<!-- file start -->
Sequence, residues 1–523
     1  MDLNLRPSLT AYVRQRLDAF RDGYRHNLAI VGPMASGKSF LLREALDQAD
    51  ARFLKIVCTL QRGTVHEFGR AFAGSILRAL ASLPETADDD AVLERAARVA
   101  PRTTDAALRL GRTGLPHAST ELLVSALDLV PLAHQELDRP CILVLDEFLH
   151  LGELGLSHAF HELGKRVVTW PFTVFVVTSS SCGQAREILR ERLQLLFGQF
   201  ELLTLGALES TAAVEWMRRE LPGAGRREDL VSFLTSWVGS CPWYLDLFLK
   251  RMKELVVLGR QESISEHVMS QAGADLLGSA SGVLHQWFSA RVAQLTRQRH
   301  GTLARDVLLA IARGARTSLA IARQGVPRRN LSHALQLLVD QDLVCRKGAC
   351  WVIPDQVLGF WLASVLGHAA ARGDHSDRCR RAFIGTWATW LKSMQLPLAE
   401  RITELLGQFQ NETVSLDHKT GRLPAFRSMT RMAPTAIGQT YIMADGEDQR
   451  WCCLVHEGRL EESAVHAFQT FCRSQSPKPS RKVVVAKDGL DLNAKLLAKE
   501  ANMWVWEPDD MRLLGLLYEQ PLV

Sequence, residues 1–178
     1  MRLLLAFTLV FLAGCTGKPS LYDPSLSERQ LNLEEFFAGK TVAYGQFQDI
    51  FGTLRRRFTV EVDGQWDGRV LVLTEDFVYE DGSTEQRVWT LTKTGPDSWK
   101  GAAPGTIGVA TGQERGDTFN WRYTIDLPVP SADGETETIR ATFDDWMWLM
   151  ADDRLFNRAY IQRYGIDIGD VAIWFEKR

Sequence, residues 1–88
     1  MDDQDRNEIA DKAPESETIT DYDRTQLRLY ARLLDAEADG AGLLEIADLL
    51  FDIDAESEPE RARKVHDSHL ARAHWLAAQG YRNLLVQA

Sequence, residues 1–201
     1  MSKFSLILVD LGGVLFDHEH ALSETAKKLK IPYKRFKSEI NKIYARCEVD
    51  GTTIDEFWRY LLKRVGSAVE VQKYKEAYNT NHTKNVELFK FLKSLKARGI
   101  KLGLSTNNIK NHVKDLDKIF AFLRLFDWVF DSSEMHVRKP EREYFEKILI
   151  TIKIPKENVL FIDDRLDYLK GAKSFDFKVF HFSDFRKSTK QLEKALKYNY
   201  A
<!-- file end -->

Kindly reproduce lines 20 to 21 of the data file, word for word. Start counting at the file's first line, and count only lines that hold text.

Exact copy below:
    51  FDIDAESEPE RARKVHDSHL ARAHWLAAQG YRNLLVQA

Sequence, residues 1–201